If you're seeing this message, it means we're having trouble loading external resources on our website.

If you're behind a web filter, please make sure that the domains ***.kastatic.org** and ***.kasandbox.org** are unblocked.

Main content

Current time:0:00Total duration:8:23

CCSS.Math:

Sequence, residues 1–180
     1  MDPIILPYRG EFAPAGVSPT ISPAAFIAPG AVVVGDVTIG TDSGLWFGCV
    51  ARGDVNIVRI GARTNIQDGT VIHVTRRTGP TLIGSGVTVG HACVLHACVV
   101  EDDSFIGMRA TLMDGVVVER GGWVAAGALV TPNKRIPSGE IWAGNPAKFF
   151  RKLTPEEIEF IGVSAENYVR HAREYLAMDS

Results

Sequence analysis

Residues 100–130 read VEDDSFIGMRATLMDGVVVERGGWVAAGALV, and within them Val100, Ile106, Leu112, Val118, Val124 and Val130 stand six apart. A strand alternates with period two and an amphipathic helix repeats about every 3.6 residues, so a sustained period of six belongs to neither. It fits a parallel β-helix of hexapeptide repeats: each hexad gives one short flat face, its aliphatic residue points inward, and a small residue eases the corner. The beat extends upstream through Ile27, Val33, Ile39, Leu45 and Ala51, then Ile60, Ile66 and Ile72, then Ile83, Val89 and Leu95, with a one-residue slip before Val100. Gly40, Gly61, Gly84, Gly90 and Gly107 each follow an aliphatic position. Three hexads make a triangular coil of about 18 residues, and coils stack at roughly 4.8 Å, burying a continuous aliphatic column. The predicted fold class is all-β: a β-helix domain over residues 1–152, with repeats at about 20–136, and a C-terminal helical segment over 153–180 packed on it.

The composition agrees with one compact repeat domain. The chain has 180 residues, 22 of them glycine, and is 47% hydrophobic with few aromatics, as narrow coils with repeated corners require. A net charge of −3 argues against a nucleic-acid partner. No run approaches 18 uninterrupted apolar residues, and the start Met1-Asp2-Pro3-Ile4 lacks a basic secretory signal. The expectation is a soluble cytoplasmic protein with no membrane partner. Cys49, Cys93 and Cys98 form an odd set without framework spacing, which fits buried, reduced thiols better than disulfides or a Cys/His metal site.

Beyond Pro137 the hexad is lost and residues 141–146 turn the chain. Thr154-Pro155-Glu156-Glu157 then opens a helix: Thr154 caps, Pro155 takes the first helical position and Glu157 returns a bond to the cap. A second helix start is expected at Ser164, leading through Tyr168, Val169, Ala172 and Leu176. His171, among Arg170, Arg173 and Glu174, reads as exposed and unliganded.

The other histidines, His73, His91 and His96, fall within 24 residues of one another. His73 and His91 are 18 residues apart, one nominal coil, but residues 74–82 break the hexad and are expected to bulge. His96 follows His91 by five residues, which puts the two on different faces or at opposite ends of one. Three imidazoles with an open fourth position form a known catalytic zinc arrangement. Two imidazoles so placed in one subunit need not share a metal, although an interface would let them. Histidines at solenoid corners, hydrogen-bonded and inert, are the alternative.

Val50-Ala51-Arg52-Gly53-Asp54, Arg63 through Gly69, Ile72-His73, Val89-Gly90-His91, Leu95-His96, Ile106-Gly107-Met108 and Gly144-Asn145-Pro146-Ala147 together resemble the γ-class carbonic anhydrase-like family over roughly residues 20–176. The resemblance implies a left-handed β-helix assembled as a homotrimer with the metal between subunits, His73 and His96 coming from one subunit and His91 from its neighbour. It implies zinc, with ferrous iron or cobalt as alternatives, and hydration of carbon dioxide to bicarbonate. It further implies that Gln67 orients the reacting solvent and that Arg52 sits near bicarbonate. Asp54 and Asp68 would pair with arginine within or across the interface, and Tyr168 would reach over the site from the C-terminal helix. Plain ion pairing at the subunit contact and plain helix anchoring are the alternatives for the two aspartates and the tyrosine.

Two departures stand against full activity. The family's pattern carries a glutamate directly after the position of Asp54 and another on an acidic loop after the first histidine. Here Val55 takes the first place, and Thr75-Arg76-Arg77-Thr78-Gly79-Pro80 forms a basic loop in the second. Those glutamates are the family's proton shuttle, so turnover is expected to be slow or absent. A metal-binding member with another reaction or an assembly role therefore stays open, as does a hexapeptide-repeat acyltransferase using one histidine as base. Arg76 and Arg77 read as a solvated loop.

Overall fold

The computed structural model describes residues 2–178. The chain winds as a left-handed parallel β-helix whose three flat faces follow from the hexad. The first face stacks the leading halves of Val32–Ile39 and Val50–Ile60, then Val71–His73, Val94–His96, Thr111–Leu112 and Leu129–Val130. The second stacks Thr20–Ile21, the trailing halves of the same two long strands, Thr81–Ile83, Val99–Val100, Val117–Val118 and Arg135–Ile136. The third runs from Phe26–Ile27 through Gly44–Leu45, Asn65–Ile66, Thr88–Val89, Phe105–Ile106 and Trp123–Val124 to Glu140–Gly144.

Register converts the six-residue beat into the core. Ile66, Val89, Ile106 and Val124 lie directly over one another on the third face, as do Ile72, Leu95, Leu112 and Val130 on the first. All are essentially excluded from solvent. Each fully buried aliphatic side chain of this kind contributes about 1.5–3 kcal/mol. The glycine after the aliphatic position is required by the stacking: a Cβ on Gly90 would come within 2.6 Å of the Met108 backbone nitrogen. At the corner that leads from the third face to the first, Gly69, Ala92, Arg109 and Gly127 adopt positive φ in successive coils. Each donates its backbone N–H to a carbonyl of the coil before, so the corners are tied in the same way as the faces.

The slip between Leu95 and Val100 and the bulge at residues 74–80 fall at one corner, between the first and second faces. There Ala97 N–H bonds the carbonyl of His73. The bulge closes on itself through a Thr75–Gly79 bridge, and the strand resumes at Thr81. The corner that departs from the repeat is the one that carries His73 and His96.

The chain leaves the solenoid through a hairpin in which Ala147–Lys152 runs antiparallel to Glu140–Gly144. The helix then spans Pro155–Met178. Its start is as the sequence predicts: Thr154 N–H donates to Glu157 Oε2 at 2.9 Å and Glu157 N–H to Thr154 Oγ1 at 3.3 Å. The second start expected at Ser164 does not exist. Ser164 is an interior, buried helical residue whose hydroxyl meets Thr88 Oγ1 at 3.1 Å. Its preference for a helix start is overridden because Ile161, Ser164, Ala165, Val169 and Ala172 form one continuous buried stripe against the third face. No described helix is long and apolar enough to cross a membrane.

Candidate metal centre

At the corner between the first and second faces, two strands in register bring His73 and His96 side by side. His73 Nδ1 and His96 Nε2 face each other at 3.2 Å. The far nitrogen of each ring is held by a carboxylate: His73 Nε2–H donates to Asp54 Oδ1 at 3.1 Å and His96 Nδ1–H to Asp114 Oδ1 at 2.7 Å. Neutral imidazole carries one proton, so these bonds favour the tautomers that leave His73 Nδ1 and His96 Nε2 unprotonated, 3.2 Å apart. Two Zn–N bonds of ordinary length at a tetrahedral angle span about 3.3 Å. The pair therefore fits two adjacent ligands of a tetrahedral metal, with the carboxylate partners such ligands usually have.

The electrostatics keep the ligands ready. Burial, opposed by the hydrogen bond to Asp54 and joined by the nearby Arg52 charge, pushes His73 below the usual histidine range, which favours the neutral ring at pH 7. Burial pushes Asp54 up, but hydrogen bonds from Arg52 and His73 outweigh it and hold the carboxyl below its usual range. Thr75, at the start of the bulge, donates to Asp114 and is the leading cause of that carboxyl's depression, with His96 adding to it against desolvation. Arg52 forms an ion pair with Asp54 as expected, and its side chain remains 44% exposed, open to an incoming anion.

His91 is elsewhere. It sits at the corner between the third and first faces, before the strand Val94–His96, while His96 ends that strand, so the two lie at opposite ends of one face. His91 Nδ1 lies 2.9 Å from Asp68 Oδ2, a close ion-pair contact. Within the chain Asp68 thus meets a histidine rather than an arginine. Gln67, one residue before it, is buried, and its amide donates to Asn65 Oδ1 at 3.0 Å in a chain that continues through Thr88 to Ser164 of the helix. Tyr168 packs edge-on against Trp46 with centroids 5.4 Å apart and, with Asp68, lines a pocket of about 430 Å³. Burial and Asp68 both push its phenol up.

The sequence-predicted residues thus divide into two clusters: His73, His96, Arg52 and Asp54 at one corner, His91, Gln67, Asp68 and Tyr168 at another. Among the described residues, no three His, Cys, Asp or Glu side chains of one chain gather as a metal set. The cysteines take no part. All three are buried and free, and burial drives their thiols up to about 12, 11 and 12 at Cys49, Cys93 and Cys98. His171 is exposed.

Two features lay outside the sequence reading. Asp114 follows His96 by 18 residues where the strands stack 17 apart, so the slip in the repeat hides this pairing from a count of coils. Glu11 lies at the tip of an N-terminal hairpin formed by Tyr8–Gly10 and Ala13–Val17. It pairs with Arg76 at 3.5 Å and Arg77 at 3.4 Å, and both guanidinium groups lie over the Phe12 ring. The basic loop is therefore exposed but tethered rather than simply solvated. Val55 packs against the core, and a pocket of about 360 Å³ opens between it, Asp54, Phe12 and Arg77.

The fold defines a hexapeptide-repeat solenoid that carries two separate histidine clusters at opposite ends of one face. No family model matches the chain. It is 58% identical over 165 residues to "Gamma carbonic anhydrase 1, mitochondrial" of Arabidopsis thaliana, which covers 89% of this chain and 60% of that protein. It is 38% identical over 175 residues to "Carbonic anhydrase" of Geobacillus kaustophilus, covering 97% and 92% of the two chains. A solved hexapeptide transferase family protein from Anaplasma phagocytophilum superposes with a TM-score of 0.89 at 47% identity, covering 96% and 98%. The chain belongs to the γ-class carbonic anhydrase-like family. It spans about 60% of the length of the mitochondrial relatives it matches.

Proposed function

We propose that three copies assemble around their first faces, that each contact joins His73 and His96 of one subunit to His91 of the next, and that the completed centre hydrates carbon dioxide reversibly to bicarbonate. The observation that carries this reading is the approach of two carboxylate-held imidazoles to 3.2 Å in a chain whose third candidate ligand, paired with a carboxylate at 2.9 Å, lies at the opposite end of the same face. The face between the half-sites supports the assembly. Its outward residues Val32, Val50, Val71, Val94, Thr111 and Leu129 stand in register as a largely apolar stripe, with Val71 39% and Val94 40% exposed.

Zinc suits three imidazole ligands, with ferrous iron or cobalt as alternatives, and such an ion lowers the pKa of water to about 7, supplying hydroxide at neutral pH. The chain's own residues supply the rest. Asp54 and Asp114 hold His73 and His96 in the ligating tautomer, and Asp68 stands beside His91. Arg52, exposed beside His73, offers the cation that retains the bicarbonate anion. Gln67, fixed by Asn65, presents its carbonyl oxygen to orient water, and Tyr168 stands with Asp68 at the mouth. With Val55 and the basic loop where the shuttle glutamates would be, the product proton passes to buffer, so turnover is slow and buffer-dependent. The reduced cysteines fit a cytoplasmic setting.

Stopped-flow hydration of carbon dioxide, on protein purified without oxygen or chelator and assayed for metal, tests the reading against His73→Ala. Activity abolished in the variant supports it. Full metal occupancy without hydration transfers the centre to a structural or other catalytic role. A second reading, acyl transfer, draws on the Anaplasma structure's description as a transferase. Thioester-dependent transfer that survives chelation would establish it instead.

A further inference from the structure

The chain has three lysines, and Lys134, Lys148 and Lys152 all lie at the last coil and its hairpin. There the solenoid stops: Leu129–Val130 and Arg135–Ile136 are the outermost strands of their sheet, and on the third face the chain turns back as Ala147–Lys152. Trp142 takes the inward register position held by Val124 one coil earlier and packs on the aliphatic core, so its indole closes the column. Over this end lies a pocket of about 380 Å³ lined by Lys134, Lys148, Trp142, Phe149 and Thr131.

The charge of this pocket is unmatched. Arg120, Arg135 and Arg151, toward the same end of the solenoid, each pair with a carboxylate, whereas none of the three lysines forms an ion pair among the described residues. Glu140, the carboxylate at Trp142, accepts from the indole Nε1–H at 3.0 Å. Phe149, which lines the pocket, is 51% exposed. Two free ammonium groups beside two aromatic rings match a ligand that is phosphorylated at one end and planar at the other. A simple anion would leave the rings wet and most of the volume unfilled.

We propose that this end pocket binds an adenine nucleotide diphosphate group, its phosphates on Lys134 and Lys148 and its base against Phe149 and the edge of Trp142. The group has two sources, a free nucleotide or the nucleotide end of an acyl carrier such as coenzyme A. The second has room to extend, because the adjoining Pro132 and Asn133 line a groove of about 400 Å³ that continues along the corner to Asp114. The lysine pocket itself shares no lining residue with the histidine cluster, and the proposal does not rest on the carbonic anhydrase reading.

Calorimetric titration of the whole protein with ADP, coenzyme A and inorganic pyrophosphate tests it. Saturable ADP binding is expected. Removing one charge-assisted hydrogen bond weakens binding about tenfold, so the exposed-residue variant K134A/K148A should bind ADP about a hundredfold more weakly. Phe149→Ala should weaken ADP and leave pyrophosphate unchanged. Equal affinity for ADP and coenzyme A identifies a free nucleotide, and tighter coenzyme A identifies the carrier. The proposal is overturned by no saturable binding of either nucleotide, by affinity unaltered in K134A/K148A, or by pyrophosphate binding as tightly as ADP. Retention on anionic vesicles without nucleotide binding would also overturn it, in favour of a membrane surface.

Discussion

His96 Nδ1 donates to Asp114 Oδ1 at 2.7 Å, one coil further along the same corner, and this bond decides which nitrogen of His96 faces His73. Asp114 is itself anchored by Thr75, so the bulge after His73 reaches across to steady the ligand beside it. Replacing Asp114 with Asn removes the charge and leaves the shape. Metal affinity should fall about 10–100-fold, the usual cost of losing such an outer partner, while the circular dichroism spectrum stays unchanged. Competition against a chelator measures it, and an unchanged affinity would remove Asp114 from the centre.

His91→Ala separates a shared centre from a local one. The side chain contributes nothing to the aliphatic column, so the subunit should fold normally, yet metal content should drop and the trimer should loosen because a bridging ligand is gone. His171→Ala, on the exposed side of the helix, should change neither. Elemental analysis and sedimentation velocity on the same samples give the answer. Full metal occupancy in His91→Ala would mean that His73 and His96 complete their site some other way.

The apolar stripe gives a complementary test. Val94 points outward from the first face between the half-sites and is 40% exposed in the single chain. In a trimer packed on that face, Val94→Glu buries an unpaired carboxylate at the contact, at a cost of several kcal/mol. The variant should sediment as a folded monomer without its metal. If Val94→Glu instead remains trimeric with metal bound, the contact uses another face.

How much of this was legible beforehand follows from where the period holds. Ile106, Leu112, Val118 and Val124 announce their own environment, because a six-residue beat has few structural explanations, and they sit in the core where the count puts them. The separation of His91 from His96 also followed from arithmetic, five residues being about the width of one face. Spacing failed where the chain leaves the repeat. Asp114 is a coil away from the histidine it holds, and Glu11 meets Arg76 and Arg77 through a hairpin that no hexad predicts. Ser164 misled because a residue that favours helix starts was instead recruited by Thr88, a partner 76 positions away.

this right over here is a self-portrait that Rembrandt made in 1640 and what's really interesting about it is like other great artists like Leonardo da Vinci and Salvador Dali and many many many others Rembrandt really cared about something called the golden ratio the golden ratio and I've done whole videos about it it's this fascinating fascinating fascinating number that's usually denoted by usually donated by the Greek letter Phi and if you were to expanded out it's an irrational number so you could six one eight zero three and it just goes on and on and on forever but there's some very neat mathematical properties of Phi or the golden ratio if you start with Phi and if you were to add to that if you were to add to that or actually let's start it this way if you were to start with one and add to that 1 over 1 over Phi let me write my file a little bit better you add to that 1 over Phi that gives you Phi so that's kind of a neat thing now if you were to multiply both sides of this equation by Phi you get that if you start with Phi and then if you add 1 you get Phi squared so it's the number you add 1 you get you get its square these are all really really neat things it can even be written as a continued fraction Phi could be re-written as 1 plus 1 over 1 plus 1 over 1 plus 1 over and we just go like that forever and ever and ever that also gives you Phi so hopefully this gives you a little appreciation that this is a really cool number and not only is it cool mathematically but it shows up throughout nature and it's something that artists have cared about because they believe that it helps define human beauty and we see that Rembrandt really cared about it in this painting and how can we tell well that's what we're going to analyze a little bit through this exercise in this video we can construct a triangle obviously these triangles word aren't part of his original painting we superimpose these but if you were to put a base of a triangle right where his arm is resting and then if you were to have the two sides of the triangle kind of outline his arms and shoulders and then meet at the tip right at the top of this arch you would construct triangle a B D just like we have here and then if you were to go to his eyes and you could imagine human eyes or what we naturally look at whether we're looking at a face or a painting of a face if you look at his eyes and if you were to draw a line there that's parallel well that really connects the eyes and it's parallel to this to the BD right over here so let's call that segment PR right over there we'll see that there's that this that this ratio the ratio between this smaller triangle and this larger triangle involves Phi so this is what we know that we're we're being told about this painting this is quite fascinating the ratio between seg the length of segment CD and BC is five to one so you drop an altitude from this larger triangle this ratio the ratio of CD length of CD to B see that's Phi so clearly Rembrandt probably thought about this even more we know that PR is parallel to BD we've actually constructed it that way so that is going to be parallel to that right over there and so this is also and though the next clue is what tells us that remember really thought about this the ratio of AC to aq so AC is the altitude of the larger triangle the ratio of that to a Q which is the altitude of this top triangle that ratio is five plus one to one or you could even say that ratio is Phi plus one so clearly Rembrandt thought a lot about this now using all of that information let's just explore a little bit let's see if we can come up with an expression that is the ratio of the area of triangle abd so the area of the larger triangle to the area of triangle ap are so that's this that's the smaller triangle right up here so we want to find the ratio of the area of the larger triangle to the area of area of the smaller triangle and I want to see if we can do it in terms of five if we can come up some with some expression here that only involves only involves spy or our constant numbers or manipulating Phi in some way so I encourage you to pause the video now and try to do that so let's take it step by step what is the area of a triangle where the area of any triangle is 1/2 times base times height so the area of triangle abd we can write as 1/2 times our base our base is the length of segment BD so 1/2 times BD and what's our height well that's the length of segment AC 1/2 times BD maybe I'll do segment AC well let me do it in the same color times the length of segment a/c now what's the area this is the area of triangle abd 1/2 base times height now what's the area of triangle APR well it's going to be one half times our the length of our base which is PR segment PR the length of that times the height which is the height of segment aq so the length of segment aq we could just write it like that times the length of segment aq so how can we simplify this a little bit well we could divide the one half by the one half those two cancel out but what else do we know well they gave us the ratio between AC and aq the ratio of AC to aq the ratio of AC to aq right over here is 5 plus 1 2 Phi 2 1 or we could just say this is equal to 5 is it or we could say this is just equal to 5 plus one so let me rewrite this let me actually let me write it this way this is going to be equal to so we have the length of segment BD over the length of segment PR and then this part right over here we can rewrite this is equal to 5 plus 1 over 1 so I'll just write it that way so times 5 plus 1 over 1 so what's the ratio of BD to PR so bd2 PR so the ratio of the base of the larger triangle to the base of the smaller triangle so let's think about it a little bit what might jump out at you is that the larger triangle in the smaller triangle that they are similar triangles they both obviously have angle a and and since PR is parallel to BD we know that this angle corresponds to this angle so these are going to be congruent angles and we know we know that this angle corresponds to this angle right over here so now we have three corresponding angles are congruent this is congruent to itself which is in both triangles this is congruent to this this is congruent to that you have three congruent angles you're dealing with two similar triangles and what's useful about similar triangles are the ratio between corresponding parts corresponding lengths of the corresponding parts of the similar triangles are going to be the same and they gave us one of those ratios they gave us the ratio they gave us the ratio of the altitude of the larger triangle to the altitude of the smaller triangle ac 2aq is five plus one to five but since this is true for one as one corresponding part of the similar triangles this is true for any corresponding parts of the similar triangle that the ratio is going to be five plus one to one so the ratio of BD the ratio of the base of the larger triangle to the base of the smaller one that's also going to be five plus one over one so this is also this is also going to be Phi I could write this as let me just write it this way this this could also be rewritten as five plus one over one so what does this simplify to well we have five plus one over one times five plus one over one well we could just you know divide by one you're not changing the value this is just going to be equal to and we deserve a drum roll now this is equal to Phi plus one five plus one squared so that was pretty neat and I encourage you to even think about this because we already saw that five plus one is equal to Phi squared and there's all sorts of weird interesting ways that you can continue to analyze this